cv.nfeaturesLDA {animation} | R Documentation |
This function provids an illustration of the process of finding out the optimum number of variables using k-fold cross-validation in a linear discriminant analysis (LDA).
cv.nfeaturesLDA(data = matrix(rnorm(600), 60), cl = gl(3, 20), k = 5, cex.rg = c(0.5, 3), col.av = c("blue", "red"), ...)
data |
a data matrix containg the predictors in columns |
cl |
a factor indicating the classification of the rows of |
k |
the number of folds |
cex.rg |
the range of the magnification to be used to the points in the plot |
col.av |
the two colors used to respectively denote rates of correct predictions in the i-th fold and the average rates for all k folds |
... |
arguments passed to |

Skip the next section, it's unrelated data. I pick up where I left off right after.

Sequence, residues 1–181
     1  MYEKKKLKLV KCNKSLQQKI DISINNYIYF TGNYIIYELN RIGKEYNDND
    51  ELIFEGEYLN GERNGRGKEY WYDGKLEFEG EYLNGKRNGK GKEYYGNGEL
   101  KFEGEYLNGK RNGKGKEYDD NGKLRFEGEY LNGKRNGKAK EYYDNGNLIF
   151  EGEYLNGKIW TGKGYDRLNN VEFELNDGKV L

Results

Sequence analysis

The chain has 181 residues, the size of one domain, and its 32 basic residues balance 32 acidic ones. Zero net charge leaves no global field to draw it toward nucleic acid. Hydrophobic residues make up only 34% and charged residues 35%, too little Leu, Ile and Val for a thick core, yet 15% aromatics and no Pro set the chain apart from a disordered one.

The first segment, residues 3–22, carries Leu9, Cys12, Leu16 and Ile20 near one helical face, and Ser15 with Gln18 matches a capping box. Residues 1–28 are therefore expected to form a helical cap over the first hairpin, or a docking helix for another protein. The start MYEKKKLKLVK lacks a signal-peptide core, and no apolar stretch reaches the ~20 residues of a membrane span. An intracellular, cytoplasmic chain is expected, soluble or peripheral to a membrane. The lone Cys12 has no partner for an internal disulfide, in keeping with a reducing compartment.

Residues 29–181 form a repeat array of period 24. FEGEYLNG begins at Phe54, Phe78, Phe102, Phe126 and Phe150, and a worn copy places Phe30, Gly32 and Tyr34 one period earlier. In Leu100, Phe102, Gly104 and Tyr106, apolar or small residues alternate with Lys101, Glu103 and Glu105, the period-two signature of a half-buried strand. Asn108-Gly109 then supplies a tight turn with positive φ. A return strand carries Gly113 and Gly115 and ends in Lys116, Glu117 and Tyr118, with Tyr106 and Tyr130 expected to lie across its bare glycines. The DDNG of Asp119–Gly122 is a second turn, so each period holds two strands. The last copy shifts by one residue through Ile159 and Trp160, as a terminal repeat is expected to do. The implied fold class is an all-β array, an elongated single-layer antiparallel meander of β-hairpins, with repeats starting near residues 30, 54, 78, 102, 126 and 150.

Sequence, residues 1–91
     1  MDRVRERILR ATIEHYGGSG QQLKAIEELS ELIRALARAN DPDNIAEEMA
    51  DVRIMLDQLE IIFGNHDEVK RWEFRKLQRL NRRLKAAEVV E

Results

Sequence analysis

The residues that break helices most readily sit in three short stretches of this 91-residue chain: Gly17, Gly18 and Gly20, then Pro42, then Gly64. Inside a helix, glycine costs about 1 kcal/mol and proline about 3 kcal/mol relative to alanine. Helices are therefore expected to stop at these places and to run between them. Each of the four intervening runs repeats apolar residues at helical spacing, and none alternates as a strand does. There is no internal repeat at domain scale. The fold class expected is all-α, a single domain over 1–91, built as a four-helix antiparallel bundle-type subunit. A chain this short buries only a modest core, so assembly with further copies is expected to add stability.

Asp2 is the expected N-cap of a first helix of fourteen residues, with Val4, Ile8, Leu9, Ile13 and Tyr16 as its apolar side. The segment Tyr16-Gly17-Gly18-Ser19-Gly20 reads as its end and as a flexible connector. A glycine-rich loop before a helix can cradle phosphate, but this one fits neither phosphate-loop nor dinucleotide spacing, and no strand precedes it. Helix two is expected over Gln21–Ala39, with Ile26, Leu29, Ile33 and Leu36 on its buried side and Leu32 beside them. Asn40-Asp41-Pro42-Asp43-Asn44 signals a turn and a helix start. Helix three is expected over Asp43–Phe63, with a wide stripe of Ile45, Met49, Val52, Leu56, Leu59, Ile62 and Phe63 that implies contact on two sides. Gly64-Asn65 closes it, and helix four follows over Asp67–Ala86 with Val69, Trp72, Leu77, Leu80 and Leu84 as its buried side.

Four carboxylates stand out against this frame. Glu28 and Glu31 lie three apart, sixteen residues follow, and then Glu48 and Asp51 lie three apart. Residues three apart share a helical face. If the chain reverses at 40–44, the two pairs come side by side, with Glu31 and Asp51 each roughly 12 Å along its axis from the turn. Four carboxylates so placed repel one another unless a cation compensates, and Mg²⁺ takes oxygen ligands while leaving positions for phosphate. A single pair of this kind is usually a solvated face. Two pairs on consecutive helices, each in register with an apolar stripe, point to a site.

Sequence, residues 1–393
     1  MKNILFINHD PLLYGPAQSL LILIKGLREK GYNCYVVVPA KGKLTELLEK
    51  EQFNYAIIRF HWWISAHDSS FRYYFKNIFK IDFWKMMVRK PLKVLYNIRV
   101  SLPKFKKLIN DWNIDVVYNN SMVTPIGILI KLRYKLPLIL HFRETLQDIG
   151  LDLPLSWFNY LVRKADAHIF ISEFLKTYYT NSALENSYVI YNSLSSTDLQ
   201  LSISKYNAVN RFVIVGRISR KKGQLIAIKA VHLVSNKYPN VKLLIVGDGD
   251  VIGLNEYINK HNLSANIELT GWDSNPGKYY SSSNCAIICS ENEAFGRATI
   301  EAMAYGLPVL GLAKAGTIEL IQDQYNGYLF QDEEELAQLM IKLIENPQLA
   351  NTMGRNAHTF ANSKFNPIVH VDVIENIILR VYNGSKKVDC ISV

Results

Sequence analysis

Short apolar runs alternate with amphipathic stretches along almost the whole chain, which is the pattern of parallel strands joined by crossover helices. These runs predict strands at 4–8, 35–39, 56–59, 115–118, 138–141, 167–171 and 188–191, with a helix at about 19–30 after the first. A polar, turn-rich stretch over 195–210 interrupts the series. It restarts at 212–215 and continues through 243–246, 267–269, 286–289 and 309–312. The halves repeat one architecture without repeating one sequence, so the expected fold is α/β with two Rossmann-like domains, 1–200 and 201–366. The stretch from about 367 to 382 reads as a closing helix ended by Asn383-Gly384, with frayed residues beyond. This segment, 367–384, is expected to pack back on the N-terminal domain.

For a classification problem, usually we wish to use as less variables as possible because of difficulties brought by the high dimension.
The selection procedure is like this:
Split the whole data randomly into k folds:
For the number of features g = 1, 2, ..., gmax, choose g features that have the largest discriminatory power (measured by the F-statistic in ANOVA):
For the fold i (i = 1, 2, ..., k):
Train a LDA model without the i-th fold data, and predict with the i-th fold for a proportion of correct predictions p[gi];
Average the k proportions to get the correct rate p[g];
Determine the optimum number of features with the largest p.
Note that g_{max} is set by ani.options('nmax')
(i.e. the
maximum number of features we want to choose).
A list containing
accuracy |
a matrix in which the element in the i-th row and j-th column is the rate of correct predictions based on LDA, i.e. build a LDA model with j variables and predict with data in the i-th fold (the test set) |
optimum |
the optimum number of features based on the cross-validation |
Yihui Xie <http://yihui.name>
Examples at https://yihui.name/animation/example/cv-nfeatureslda/
Maindonald J, Braun J (2007). Data Analysis and Graphics Using R - An Example-Based Approach. Cambridge University Press, 2nd edition. pp. 400